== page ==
Mark J. Rebilas-USA TODAY Sports

Seattle Seahawks: A Return To "Old School" Football


Growing up watching football in the late 1990’s and early 2000’s, the NFL was a run first, pass second league.  Teams seemed keen on handing the ball off to their franchise backs, and relied on their stout defenses to make a play with the game on the line.  We saw big bruisers like Jerome Bettis, Corey Dillon, and Jamal Lewis tote the rock on 1st and 2nd downs, and the big pass plays came as a result of a successful rushing attack.  Offenses were built around do-it-all running backs such as Curtis Martin of the New York Jets or Shaun Alexander of the Seattle Seahawks.  The NFL was a ground and pound, defensive minded kind of game.

As of recently, however, the league has transformed into a pass first league.  Without a franchise QB, offenses are considered flimsy, lacking the key component necessary to win the game late in the 4th.  Teams like the Philadelphia Eagles are using speedsters on the outside and the strong arm of their QB to hurl the ball all over the field like a stray bullet from a gun.  Before we had running backs like Ladanian Tomlinson and Edgerrin James dominating the field, and now it is the Age of the Quarterback.  Games are now determined by greats such as Aaron Rodgers, Peyton Manning and Tom Brady.  Teams are drafting to be faster, more athletic, and to give their golden QB’s the necessary blocking and weaponry to be successful in what is now a pass driven league.  Today’s mindset is this:  if you can’t throw the ball down field, you can’t win.

Except for the Seattle Seahawks.

The ‘Hawks are a blast from the past.  They are somewhat of a return to football of the old, the football I grew up watching.  They pounded franchise running back Marshawn Lynch over and over throughout the season, and finished 2nd in the league in rushing attempts with 509.  Off of those 509 attempts the Seahawks totaled 2,188 yards (4th best) and 136.8 yards a game (also 4th best).  Knowing their defense, led by the Legion of Boom (see any article on Richard Sherman for more info), would make plays with the game on the line enabled the Seahawks to change their offensive approach.  They did not try to force sophomore QB Russell Wilson to make plays through the air, but rather used their successful rushing attack to put Wilson in a position to win or even manage the game.  True, Wilson very well may have the skills to run a pass-first offense in this league.  But that’s the beauty of it.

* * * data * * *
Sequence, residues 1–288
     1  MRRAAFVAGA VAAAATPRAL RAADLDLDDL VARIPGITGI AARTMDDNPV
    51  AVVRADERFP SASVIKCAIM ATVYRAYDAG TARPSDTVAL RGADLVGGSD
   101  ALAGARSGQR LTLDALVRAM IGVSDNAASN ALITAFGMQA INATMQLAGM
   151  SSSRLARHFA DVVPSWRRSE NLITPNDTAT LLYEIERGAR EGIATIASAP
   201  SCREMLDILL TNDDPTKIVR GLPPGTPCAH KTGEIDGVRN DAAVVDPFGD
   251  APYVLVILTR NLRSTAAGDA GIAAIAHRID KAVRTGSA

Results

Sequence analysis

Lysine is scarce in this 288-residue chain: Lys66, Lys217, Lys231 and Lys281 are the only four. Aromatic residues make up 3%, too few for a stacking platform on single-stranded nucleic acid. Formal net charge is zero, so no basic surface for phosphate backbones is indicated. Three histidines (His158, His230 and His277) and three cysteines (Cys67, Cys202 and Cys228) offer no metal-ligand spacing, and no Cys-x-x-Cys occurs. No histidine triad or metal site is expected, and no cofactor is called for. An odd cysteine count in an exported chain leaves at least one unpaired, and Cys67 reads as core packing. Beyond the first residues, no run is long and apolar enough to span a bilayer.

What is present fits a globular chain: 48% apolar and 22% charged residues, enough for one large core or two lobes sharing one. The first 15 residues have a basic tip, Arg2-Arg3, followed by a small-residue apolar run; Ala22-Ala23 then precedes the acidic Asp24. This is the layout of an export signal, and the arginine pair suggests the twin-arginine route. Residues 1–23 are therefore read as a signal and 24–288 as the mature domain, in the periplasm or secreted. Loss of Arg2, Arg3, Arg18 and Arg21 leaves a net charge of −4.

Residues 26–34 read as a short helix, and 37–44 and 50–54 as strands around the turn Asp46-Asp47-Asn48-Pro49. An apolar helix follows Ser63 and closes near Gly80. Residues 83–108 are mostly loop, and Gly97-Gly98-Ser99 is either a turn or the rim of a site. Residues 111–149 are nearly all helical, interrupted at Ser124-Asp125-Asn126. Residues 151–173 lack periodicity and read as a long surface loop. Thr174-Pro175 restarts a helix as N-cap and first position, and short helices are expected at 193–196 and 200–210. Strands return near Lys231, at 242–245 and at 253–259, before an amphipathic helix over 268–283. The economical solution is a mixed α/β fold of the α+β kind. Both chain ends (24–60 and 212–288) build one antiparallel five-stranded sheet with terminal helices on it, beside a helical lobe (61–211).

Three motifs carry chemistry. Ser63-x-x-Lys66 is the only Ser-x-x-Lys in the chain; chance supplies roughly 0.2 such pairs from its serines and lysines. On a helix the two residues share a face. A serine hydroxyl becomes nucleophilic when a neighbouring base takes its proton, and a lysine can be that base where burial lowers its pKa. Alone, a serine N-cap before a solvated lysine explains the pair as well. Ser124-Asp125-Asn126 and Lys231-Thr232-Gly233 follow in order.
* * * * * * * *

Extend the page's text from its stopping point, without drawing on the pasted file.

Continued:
He doesn’t have to.

Seattle’s Super Bowl run was nothing short of great coaching.  Pete Carroll knew the strengths of his team.  Defense and running the football.  He never shied away from either, as both strengths continued to produce win after win.  Seattle’s pure domination (there is no better word) of the Denver Broncos in Super Bowl XLVIII was the icing on a season’s worth of cake.  What did Seattle do?  They ran the football and completed short passes that moved the sticks.  And then they let their strength – the Seattle Defense – do the rest.  Add on a TD by Percy Harvin on Special Teams, and the game was over before the third quarter even really began.  Seattle won their first ever Super Bowl using a strategy that had seemingly disappeared forever.

The Seattle Seahawks are the last of a dying breed.  There is little denying that the game of football as we knew it is changing.  The transformation is almost complete.  Teams are desperately searching for that magic man who has the intangibles necessary to his team to the big game.  But then we have the ‘Hawks, who are perfectly happy running the ball down your throat and creating chaos with their defense of personalities.  As we are thrown into a new era of the NFL, it is refreshing and nostalgic to know that there is still one team hanging on, and even thriving, in the past.

Congratulations to the Seattle Seahawks, Super Bowl XLVIII Champions!

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